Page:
After the 2002 failed constitutional referendum and the sacking of the Liberal Democratic Party (LDP)/Rainbow Coalition ministers, Kibaki orchestrated a handshake with KANU, Forum for the Restoration of Democracy (FORD)-People, etc.  This strengthened his hemorrhaging  government.

After the post-election violence of 2007/8, Kibaki was forced to enter into yet another handshake with Raila through the Grand Coalition Government, hence the Nusu Mkate ( Half Loaf government).  A tumultuous marriage was consummated.  

The Kibaki-Raila 2008 handshake was principally executed through constitutional and legal changes making Raila the second Prime Minister of Kenya.  He had negotiated a share of government including the deputy prime minister position which he handed to Musalia  Mudavadi.  Kibaki gave his slot to Uhuru Kenyatta who also doubled as minister for Finance.

In March 2018, Uhuru and Raila crafted another handshake. Previously, the political maverick of yesteryears had had himself sworn as the peoples’ president.  Raila became a power to reckon with as deputy president Ruto was incrementally sidelined.  Although this time around Raila declined accommodation into government, he became an extremely powerful supremo in Uhuru’s government.  He could routinely call shots and influence development initiatives.  

Unfortunately, the Kenyan public associated Raila with the economic and governance problems of the final days of Uhuru administration, while Ruto adroitly distanced himself from such government failure.  This was how Ruto strategically “stole” the Hustler-Wanjiku from Raila whom he had christened political dynasty.  Arguably, the handshake introduced political stability but diluted Raila’s historical clout.  In one sense, now through the Maandamano, Raila is working hard to reclaim the down-trodden from the Chief Hustler.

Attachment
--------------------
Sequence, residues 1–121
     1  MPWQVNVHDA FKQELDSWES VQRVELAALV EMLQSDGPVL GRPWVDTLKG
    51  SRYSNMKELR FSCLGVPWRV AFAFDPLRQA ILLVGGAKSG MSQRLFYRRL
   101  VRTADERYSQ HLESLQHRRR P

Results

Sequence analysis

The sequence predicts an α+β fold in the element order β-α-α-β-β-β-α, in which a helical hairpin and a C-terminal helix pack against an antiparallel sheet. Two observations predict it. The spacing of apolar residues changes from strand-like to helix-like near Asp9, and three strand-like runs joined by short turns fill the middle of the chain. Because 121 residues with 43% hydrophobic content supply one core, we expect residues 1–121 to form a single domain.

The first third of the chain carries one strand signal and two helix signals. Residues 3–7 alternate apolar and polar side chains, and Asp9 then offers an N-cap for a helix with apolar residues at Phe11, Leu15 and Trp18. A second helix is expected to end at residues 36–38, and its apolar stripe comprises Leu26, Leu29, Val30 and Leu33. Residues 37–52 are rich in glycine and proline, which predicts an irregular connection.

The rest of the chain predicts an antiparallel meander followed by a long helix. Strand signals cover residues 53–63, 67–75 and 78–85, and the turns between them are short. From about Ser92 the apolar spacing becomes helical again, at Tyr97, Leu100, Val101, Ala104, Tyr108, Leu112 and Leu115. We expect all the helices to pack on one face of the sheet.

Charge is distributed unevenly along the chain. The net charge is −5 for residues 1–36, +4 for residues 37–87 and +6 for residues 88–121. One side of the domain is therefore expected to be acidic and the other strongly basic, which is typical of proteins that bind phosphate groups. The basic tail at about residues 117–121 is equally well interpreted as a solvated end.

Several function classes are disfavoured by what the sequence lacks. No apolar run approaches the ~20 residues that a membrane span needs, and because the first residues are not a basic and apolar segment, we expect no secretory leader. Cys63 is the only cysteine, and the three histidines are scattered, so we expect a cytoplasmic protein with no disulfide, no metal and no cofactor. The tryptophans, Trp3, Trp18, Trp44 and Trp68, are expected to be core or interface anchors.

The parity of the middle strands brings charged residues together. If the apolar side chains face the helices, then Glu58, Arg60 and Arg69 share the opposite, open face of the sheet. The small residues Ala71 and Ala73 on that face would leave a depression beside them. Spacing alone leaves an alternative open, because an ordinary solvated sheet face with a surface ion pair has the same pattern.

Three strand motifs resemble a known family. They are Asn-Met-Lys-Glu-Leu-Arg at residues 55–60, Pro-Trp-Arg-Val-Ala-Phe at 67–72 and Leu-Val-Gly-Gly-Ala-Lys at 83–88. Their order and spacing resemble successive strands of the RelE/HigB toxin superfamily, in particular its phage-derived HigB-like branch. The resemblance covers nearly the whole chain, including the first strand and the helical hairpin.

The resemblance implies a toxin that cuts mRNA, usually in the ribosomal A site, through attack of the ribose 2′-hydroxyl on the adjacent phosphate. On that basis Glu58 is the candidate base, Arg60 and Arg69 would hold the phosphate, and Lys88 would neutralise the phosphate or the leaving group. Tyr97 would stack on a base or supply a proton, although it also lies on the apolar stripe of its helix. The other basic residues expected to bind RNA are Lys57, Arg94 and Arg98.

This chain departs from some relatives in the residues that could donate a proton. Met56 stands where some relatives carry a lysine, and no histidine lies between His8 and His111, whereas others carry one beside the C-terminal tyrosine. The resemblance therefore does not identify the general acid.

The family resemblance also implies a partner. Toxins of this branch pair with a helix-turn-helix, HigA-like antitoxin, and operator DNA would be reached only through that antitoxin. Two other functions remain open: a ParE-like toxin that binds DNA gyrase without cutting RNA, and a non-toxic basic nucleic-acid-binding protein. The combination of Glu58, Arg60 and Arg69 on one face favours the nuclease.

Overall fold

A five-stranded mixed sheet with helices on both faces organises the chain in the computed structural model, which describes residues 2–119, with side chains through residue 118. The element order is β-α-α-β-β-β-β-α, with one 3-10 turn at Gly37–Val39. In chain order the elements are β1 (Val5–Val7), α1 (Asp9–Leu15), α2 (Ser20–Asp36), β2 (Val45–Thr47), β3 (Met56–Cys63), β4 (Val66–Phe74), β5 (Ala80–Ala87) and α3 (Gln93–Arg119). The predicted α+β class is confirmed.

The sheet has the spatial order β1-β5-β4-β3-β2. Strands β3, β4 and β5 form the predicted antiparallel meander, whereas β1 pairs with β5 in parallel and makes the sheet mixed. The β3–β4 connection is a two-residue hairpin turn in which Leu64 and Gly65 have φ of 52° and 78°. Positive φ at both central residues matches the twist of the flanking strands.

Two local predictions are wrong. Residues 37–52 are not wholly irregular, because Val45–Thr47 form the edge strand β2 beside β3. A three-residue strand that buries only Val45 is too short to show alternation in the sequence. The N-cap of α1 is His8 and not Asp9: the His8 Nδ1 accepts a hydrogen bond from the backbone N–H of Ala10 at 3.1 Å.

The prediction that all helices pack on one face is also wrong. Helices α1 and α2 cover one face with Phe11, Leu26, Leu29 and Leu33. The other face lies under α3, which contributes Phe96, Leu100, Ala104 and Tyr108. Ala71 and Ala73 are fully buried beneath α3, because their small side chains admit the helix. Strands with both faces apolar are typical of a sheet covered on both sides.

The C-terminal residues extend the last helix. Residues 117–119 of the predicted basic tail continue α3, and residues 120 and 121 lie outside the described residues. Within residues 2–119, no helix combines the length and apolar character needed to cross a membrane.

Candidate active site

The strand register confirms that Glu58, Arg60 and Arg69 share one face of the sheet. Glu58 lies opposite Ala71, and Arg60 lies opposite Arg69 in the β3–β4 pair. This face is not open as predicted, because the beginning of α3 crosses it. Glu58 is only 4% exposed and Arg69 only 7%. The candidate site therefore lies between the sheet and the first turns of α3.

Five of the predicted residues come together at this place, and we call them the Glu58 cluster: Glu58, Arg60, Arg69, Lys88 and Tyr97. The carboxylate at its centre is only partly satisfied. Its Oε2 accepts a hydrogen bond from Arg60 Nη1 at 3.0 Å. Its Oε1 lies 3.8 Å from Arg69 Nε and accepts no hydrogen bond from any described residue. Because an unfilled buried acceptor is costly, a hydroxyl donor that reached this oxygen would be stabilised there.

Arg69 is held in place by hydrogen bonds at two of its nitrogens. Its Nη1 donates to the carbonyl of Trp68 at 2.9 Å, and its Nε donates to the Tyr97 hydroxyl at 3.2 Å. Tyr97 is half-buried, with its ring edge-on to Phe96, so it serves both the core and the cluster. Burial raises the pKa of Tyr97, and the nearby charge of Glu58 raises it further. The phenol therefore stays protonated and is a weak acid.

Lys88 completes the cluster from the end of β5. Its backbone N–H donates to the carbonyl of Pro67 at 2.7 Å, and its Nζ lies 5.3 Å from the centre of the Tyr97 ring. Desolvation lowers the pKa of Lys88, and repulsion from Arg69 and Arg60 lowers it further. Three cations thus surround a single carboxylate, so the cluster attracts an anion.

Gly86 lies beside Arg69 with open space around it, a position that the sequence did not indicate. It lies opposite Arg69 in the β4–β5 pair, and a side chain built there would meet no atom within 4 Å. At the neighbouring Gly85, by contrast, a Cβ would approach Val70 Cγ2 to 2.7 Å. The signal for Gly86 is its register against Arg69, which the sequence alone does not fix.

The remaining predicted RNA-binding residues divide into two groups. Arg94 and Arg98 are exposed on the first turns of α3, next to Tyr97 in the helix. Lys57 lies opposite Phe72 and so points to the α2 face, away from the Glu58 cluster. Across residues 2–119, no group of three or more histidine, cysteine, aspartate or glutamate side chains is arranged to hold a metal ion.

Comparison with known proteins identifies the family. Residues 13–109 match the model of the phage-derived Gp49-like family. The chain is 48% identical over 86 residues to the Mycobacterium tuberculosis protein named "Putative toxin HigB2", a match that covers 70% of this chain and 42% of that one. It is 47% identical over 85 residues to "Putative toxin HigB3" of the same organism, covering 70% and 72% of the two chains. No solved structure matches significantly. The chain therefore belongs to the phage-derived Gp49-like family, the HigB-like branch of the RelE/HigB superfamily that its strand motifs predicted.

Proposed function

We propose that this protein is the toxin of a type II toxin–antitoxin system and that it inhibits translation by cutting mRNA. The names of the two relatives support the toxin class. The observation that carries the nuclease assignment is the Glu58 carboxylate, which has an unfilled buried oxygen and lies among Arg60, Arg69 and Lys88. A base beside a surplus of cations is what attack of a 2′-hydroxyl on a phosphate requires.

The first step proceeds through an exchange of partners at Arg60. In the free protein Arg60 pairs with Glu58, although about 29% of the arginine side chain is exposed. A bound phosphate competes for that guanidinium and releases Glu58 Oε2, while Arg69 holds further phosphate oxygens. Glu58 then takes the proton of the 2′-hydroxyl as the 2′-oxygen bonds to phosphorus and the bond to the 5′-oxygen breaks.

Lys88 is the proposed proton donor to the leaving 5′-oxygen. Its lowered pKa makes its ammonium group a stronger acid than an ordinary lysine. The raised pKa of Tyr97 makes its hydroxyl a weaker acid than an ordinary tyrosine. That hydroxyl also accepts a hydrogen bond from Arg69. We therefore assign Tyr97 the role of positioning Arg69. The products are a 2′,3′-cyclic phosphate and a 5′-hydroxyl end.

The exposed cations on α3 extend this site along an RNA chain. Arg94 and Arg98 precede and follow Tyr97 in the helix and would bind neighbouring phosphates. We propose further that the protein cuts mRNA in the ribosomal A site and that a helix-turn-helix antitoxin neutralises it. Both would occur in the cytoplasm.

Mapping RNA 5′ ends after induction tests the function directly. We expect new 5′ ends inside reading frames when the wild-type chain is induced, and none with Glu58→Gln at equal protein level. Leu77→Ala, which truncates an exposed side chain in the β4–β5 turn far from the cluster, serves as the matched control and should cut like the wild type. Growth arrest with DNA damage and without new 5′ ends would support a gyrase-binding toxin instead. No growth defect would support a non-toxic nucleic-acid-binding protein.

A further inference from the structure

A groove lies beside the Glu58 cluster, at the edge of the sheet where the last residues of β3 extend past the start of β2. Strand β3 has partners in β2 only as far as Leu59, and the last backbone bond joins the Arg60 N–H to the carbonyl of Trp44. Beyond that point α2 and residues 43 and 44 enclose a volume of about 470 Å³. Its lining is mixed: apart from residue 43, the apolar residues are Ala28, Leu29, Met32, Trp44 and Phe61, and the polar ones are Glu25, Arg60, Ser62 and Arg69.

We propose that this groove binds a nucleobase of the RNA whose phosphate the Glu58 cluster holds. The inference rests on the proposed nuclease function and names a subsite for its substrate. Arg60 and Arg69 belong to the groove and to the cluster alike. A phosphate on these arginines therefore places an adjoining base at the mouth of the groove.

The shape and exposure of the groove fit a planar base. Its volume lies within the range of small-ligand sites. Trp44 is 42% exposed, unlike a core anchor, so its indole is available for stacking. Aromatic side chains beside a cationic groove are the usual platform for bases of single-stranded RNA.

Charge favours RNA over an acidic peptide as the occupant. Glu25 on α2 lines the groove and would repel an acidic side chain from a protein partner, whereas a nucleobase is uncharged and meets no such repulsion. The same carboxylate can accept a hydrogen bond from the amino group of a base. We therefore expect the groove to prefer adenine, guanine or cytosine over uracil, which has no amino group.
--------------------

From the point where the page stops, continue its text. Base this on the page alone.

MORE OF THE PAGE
The million question is this: is Raila seeking another handshake? Will the religious and international sectors force the president to concede a handshake so as to restore sanity to the country? If this was to happen, would the common man and woman benefit?

BBI’s solution to a hung presidential election was the introduction of both an official opposition as well as the positions of prime minister, two deputy prime ministers and assistant minister (the equivalent of CAS).  Those who opposed the BBI stated that the creation of a bloated government would divert resources to the political class instead of prioritising delivery of citizens’ services.

If BBI constitutional proposals had passed, then ethnic coalition building by the political elite would have been made easy.  But we must remember some of the BBI proposals were derived from the initial Bomas Draft. According to Mutunga, the ethnic coalitions flowing from handshakes create “a multiparty dictatorship” which snugly accommodates the political class, but torpedos the broad interests of the masses.

From the president’s perspective, he proposed that constitutional, legislative and administrative changes could strengthen the office of the opposition leader to make it efficacious in holding government accountable.